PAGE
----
De Blasio administration moves to foreclose on hundreds of homes in black and Hispanic neighborhoods

Mayor de Blasio’s administration has targeted at least 420 properties for foreclosure under a controversial policy that allows the city to take away buildings, and years’ worth of equity, from homeowners in predominantly black and Hispanic neighborhoods, city records revealed.

Brooklyn, upper Manhattan and the South Bronx have been most affected by the policy, known commonly as the third-party transfer program, data from the city Department of Housing Preservation and Development shows.

Since 2015, de Blasio’s second year in City Hall, the city has initiated transfer proceedings under the policy on 69 buildings in the 35th and 36th City Council districts, which cover Bedford Stuyvesant, Fort Greene and Crown Heights. Of those, seven buildings have been transferred to an interim owner, the non-profit Neighborhood Restore.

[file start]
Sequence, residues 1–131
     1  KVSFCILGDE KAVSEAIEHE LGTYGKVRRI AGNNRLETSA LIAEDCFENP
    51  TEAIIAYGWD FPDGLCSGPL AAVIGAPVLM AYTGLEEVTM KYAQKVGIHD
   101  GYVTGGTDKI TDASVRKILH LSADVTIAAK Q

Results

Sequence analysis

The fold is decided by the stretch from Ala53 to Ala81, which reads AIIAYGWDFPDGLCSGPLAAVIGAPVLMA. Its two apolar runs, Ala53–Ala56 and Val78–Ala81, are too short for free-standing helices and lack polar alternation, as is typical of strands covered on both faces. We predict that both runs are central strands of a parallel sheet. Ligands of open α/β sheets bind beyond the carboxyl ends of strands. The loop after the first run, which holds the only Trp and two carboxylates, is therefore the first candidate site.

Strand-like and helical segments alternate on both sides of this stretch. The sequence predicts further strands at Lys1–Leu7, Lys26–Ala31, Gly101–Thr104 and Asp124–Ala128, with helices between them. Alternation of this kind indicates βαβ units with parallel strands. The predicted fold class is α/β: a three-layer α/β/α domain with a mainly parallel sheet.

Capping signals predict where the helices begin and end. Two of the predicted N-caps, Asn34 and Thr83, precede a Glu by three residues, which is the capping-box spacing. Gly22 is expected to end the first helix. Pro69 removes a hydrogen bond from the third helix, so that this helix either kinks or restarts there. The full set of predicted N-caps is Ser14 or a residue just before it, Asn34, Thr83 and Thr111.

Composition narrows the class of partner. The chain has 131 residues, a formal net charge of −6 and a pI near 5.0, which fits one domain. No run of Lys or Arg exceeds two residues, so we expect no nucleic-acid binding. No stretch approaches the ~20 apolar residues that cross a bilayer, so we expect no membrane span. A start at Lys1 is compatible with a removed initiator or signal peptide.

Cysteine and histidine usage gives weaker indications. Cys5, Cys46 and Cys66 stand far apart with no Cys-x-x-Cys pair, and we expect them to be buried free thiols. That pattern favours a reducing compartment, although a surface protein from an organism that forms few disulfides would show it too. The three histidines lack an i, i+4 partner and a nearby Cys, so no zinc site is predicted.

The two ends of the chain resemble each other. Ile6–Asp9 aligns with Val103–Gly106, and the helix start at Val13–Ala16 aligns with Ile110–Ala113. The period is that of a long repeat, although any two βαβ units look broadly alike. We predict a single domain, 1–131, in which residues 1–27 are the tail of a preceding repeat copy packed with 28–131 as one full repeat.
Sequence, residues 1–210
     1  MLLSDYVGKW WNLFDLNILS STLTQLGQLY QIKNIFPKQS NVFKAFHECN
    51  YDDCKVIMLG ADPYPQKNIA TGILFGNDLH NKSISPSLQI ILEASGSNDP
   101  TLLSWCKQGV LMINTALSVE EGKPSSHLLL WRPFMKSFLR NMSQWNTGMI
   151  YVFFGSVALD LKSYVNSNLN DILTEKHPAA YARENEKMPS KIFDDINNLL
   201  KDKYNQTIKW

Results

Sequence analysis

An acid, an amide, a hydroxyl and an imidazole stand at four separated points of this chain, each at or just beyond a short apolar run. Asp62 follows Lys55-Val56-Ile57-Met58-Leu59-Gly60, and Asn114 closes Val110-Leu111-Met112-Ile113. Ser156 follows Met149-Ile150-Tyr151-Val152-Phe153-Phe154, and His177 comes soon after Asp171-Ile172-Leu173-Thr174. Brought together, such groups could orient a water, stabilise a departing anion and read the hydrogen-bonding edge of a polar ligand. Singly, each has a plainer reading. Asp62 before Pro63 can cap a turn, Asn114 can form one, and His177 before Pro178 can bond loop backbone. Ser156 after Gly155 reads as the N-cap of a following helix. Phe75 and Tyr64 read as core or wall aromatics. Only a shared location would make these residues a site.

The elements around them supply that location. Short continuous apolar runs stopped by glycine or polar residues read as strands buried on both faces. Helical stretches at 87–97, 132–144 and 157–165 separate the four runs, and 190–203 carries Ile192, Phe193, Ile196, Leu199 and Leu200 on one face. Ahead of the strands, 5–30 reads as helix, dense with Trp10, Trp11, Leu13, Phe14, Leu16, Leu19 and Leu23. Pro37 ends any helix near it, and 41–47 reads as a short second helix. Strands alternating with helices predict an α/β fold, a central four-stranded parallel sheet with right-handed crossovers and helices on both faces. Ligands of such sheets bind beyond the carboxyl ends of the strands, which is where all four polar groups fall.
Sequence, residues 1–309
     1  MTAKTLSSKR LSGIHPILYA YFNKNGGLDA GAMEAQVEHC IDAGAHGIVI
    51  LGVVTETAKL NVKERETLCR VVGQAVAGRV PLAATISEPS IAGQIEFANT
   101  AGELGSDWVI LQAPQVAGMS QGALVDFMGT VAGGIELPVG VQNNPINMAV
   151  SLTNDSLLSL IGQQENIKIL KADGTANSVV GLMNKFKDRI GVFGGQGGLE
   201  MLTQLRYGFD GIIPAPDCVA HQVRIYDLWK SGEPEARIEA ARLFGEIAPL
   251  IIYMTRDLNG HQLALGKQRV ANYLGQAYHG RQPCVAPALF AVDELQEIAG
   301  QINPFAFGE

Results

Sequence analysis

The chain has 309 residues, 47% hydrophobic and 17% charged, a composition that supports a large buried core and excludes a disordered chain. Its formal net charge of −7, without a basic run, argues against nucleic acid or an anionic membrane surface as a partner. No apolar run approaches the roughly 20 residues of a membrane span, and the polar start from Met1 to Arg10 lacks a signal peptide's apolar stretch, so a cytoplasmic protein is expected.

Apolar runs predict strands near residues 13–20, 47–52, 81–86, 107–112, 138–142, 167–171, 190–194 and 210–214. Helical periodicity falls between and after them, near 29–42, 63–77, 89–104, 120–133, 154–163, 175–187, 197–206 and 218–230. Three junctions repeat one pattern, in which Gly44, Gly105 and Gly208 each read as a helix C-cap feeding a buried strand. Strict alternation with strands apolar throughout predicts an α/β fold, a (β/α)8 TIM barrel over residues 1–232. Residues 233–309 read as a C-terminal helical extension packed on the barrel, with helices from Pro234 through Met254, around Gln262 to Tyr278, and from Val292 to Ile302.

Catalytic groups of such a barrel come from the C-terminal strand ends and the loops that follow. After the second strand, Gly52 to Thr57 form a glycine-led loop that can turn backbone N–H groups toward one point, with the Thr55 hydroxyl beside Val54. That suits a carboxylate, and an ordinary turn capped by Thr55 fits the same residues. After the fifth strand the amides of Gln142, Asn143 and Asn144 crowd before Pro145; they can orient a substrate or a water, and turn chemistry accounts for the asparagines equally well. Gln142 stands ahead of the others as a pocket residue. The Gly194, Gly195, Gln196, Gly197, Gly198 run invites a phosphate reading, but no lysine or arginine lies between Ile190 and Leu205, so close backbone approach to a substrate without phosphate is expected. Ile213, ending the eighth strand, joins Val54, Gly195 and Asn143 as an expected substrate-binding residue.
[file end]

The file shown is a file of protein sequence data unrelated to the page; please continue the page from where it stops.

The city launched the program in the late 1990′s under Mayor Giuliani as an alternative to the tax lien auctions used to extract payment from property owners who owed taxes or water and sewer bills. Once auctioned, the city had little control over what a landlord could do with a building’s tenants. Under third-party transfer, the city is able to ensure they aren’t displaced and their units remain affordable.

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